Text and Photos by Cheryl Levitan
hen you think of Germany, if you envision fairy tale forests, cuckoo clocks and castles perched on hills, you are imagining the country’s southwestern region of Baden. Home to the Black Forest, it’s a place for hikes through wooded hills, visits to lovely towns and relaxing at the end of the day with excellent local wine.
Heidelberg lies within this region. This romantic town of 160,000 has long lured visitors with its physical beauty. Located in a valley along the Neckar River and surrounded by forested hills, Heidelberg is filled with historic architecture ranging from Medieval to Baroque.
Perched high above it all is a monumental castle, presiding over the town like a king on his throne. That “kingdom” includes a Disney-worthy arched bridge, a renowned university founded in the 1300s and a steepled Gothic church towering over cafe-lined marketplaces.
The deep greens of the surrounding forests, combined with the red sandstone architecture and half-timbered houses, raises this destination’s special charm up another notch, making a visit here feel just a bit magical.
The way to see this city is to begin at the top — Heidelberg Castle. With as many as 20,000 castles in Germany, this is one of the best. The beauty of the ruins and the restoration, as well as the storybook vistas below, have inspired generations of writers and poets and drawn more than 11 million tourists each year.
It was begun as a fortress in the 11th century. The earliest castle was built 100 years later. Over time, this fortified medieval castle grew into an ornate palace as each successive potentate added structures of different styles, gardens and sculpted figures to the facades. From its pinnacle in the early 1600s, repeated fires from lightning and damage from the Thirty Years War took their toll. Novelist Victor Hugo wrote of the castle’s “battles and never-ending tribulations” and its suffering under siege by the Austrians and others. Finally, in 1689, the towers and walls that had survived waves of assault were blown apart by the French. Later, the Romanticism movement of the 1800s sparked a debate whether to reconstruct or simply conserve the ruins. A compromise was reached; general preservation with full restoration of the ornate Friedrich building.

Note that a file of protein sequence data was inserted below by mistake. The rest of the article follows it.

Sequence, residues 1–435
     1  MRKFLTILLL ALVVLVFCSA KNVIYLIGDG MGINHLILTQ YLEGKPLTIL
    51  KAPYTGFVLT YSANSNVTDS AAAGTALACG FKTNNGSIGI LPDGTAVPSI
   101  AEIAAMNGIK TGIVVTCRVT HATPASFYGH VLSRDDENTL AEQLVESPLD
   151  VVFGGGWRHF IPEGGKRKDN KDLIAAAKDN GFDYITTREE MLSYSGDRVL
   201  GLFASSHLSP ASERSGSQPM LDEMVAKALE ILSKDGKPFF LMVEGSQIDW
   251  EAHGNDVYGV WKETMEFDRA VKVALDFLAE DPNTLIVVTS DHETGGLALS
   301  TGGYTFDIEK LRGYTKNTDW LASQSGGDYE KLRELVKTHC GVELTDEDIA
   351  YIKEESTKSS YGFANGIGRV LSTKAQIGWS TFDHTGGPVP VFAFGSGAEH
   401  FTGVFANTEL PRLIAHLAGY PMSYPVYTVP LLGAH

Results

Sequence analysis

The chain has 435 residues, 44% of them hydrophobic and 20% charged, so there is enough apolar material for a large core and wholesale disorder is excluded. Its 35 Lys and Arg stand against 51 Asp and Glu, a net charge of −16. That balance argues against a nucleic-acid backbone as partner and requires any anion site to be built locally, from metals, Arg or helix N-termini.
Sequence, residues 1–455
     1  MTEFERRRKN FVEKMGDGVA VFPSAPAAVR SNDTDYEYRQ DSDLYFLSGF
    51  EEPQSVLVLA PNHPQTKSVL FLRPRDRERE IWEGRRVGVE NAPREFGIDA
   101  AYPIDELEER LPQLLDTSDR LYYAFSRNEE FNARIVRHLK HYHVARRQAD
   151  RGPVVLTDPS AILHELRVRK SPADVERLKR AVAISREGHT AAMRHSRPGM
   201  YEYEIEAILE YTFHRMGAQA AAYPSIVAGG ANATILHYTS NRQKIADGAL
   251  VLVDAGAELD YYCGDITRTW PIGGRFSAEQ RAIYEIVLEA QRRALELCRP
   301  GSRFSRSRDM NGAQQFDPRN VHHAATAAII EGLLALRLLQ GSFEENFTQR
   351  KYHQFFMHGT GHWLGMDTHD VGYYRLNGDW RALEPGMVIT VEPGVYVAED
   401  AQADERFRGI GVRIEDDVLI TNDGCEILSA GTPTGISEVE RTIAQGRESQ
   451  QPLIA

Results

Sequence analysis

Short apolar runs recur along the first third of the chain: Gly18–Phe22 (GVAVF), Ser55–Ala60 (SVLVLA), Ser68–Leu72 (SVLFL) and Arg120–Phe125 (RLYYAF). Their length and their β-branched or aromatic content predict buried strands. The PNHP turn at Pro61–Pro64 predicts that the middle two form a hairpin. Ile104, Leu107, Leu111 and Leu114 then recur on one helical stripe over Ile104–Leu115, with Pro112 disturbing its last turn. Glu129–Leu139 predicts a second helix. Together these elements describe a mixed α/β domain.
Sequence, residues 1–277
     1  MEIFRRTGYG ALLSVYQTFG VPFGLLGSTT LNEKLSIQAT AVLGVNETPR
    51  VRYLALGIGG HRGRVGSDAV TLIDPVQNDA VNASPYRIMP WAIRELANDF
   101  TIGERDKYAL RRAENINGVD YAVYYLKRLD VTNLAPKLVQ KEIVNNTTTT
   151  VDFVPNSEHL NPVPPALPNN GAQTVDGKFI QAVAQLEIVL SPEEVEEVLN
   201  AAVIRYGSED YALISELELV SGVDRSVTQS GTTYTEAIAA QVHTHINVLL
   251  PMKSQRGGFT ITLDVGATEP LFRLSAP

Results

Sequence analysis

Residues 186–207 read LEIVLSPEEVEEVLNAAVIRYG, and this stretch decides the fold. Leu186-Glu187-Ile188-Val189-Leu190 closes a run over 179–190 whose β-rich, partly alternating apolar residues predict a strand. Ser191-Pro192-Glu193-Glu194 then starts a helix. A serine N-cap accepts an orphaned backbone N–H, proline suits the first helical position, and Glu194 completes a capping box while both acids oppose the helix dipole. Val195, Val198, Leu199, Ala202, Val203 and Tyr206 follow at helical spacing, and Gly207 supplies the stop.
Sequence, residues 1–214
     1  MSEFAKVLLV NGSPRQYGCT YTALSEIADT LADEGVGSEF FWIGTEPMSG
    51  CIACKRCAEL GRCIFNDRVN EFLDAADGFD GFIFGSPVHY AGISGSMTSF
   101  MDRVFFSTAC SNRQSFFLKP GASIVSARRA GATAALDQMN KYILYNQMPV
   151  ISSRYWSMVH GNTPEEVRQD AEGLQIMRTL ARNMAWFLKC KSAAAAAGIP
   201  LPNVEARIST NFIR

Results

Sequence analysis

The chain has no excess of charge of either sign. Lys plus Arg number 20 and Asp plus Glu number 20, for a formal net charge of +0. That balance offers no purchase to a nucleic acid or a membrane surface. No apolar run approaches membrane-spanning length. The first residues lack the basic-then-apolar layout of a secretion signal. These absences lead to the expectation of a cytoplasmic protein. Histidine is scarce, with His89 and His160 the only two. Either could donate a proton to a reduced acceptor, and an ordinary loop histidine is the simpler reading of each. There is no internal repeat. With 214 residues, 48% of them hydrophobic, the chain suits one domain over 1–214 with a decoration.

Among the lovely courtyards and impressive facades, a tour unearthed a few bizarre portraits, an ingenious system of nested terraces to permit large gardens on the steep hillside, a pharmacy museum (some strange remedies … powdered Egyptian mummy, anyone?) and the world’s largest wine barrel tucked away in the basement. As to that last find, wine storage in a region that produces wine is no surprise. But these rulers must have been prodigious drinkers since the first barrel from the 1500s had a capacity of 34,000 gallons. Falling victim to the Thirty Years War, it was followed by a second vat plagued by excessive leakage. The current one was built from 130 oak trees in the 1700s as a 58,000-gallon monumental tribute to alcohol consumption. With staircases on each side leading to what appeared to be a dance floor on top, the party was definitely in the basement!
Traveling up that steep hill couldn’t have been an easy task for the sovereigns (or their wine). A funicular built in 1890 improved that situation and continues to offer magnificent views across the city en route. The hillside carries on above the castle to the Königstuhl (King’s Seat). With trails for hiking, a falconry center and children’s playground, this 1,800-foot peak is the highest point in Heidelberg with vistas over the entire valley.
A funicular ride or pleasant 20-minute walk down takes you to Altstadt (Old Town), which rests in the shadow of the castle ruins. It contains all the elements that visitors love about German old quarters: large sociable squares with cafes and bars, interesting shops, cobblestone streets and a profusion of historic landmarks.
First: Student Kiss candy is prominently displayed at a chocolate shop in Heidelberg. It allowed young men to show affection to a girl with a hidden message inside the little box unnoticed by a chaperone.
Next: Hauptstrasse is the pedestrian main street with shops and cafes in Old Town Heidelberg and ends at the bridge entrance with its old medieval gate and dual striped towers.
Last Image: The Bronze Monkey next to the Old Bridge beckons visitors to place their heads inside and see themselves reflected as a monkey, symbolizing that each of us no better or worse than another.
In Old Town’s Marktplatz, the Church of the Holy Ghost rises above all else and was one of the few old buildings to survive centuries of war unscathed. With its foundation laid in the 13th century over a former 9th-century basilica, the church was completed a century later in the same red sandstone as much of the city. It has done more than double duty over the years. Vendors and cafes have always used its curved facade for commerce, and both Catholics and Protestants have worshipped here. In the 1700s, a partition was added, splitting the nave aisle down the middle to allow these disparate services to be held simultaneously. Used as the burial site for the prince electors of the Palatinate (the title for the succession of rulers from 915 to 1803), this church was also home to Germany’s most significant national library during the Renaissance.